The Supreme Court of the United Kingdom on Feb. 12 allowed a case filed by 42,335 Nigerian claimants against Shell Oil and a Nigerian subsidiary to proceed in the UK courts. The claimants first sued Shell and its subsidiary in 2015 over leaks from pipelines in the Niger Delta that resulted in the destruction of farmland, the death of fish stocks, and poisoned drinking water. They argued that the oil spills occurred due to the negligence of the subsidiary company responsible for operating the pipelines. They charged that Shell's parent company owed them a "common law duty of care," since it exercised significant control over the operations of the Nigerian subsidiary.
President Joe Biden's pledge to rebuild the Iran nuclear deal is already deteriorating into a deadlock—a testament to the effectiveness of the Trump-era intrigues that sabotaged the agreement, officially known as the Joint Comprehensive Plan of Action (JCPOA). On Feb. 7, Biden and Iran's Supreme Leader Ayatollah Khamenei each traded "You Go First" statements. Biden was asked on Face the Nation, "Will the US lift sanctions first in order to get Iran back to the negotiating table?" He replied, "No." He was then asked, "They have to stop enriching uranium first?" Biden nodded. On that same day, Khamenei told military commanders and staff: "If they want Iran to return to its JCPOA commitments, the US should remove all sanctions in action. After they have done this, we will check if the sanctions have truly been removed. Once this is done, we will resume our JCPOA commitments." (EA Worldview)
President Joe Biden announced Feb. 4 the United States will end support for the Saudi-led military campaign in Yemen that has deepened suffering in the Arabian Peninsula's poorest country. "This war has to end," Biden told diplomats in his first visit to the State Department as president, saying the conflict has created a "humanitarian and strategic catastrophe." Biden pledged an end to "relevant" US arms sales, while giving no immediate details on what that would mean. The administration had already said it is pausing some of the billions of dollars in arms deals with Saudi Arabia and the United Arab Emirates.
The International Tribunal for the Law of the Sea ruled Jan. 28 that the United Kingdom does not hold sovereignty over the Chagos Islands, allowing the dispute between Mauritius and Maldives in regards to the delimitation of their boundaries to proceed. The ruling follows a preliminary objection from the Maldives government, which claimed that the tribunal could not decide the matter due to the existing dispute between Mauritius and the United Kingdom regarding the sovereignty of the archipelago. The tribunal rejected the objection.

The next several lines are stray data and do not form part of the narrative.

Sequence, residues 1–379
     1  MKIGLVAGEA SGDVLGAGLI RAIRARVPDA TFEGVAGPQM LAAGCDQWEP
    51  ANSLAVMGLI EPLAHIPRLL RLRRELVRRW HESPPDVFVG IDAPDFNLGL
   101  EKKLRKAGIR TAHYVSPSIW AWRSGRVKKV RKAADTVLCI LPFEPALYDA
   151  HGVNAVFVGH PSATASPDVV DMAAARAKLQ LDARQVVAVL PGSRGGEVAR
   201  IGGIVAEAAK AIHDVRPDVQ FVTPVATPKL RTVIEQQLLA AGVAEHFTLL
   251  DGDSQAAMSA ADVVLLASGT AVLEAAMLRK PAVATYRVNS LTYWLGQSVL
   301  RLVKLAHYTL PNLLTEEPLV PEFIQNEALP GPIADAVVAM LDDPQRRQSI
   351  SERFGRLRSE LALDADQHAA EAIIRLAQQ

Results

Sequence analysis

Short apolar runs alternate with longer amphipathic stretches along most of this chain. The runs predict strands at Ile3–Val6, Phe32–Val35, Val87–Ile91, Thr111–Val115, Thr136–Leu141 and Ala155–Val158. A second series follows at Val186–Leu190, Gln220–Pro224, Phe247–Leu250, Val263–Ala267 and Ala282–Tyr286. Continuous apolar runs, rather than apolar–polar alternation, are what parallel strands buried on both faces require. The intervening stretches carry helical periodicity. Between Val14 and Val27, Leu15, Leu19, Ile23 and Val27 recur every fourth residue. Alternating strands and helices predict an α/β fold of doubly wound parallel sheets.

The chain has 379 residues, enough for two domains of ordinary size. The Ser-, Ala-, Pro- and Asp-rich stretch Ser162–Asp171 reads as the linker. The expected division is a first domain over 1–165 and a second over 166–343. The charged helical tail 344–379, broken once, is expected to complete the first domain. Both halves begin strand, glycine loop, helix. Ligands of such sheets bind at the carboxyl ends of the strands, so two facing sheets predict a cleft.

The first nuclear disarmament treaty in more than two decades came into force on Jan. 22, following its 50th ratification last October, which triggered the 90-day period required before the treaty entered into effect. The UN completed negotiations on the Treaty on the Prohibition of Nuclear Weapons at its New York headquarters in July 2017. The treaty constitutes "a legally binding instrument to prohibit nuclear weapons, leading to their total elimination." Following negotiations, the treaty was open to signatories beginning in September 2017.
Northern Ireland's Public Prosecution Service (PPS) announced Sept. 29 that after reviewing the evidence against 15 British soldiers suspected of killing civilians in Derry on "Bloody Sunday," Jan. 30, 1972, they will maintain the decision not to pursue prosecution. The final decision, announced in a statement from the PPS, upholds an earlier one from March 2019, which found that "the available evidence is insufficient to provide a reasonable prospect of conviction." After the 2019 announcement, families who lost loved ones and survivors injured in the massacre asked for a review of the decision. In her statement, PPS senior assistant director Marianne O'Kane said, "It is understandable that a number of the bereaved families and injured victims subsequently exercised their right to request a review of decisions relating to 15 of those suspects originally reported." However, she went on to say, "I have concluded that the available evidence is insufficient to provide a reasonable prospect of conviction of any of the 15 soldiers who were the subjects of the reviews."
So, a banner with the phrase "THE JEWS WANT A RACE WAR" was hung from an overpass above the heavily trafficked Interstate 405 in Los Angeles on Aug. 22. As JTA reports, an accompanying banner plugged the perpetrators' website, Goyimtv.com. The site prominently displays a video of their followers standing on the overpass with the banners. Verbiage on the site also reads: "All members of the community and wider society should be treated as equals with the same rights, regardless of their race, age, sex, religion, political beliefs, or any other immutable attribute or self assigned designation UNLESS YOU'RE A JEW or THE SHABBOS EQUIVALENT." This appears to be a reference to the phrase "Shabbos goy," originally meaning a non-Jew who carries out certain tasks that religious Jews are barred from doing on the Sabbath, but now taken up the radical right to mean a dupe of the Jews.
Stuart Christie, the legendary anarchist and anti-fascist militant most notorious for his 1964 assassination attempt on Spanish dictator Francisco Franco, died Aug. 15 at his home in East Sussex, England. The cause of death was given as lung cancer. At 74, Scottish-born Christie was still an international icon of the anarchist movement, seen as a bridge between the era of "classical" anarchism in the early 20th century and the resurgent radicalism of the New Left that emerged in the 1960s.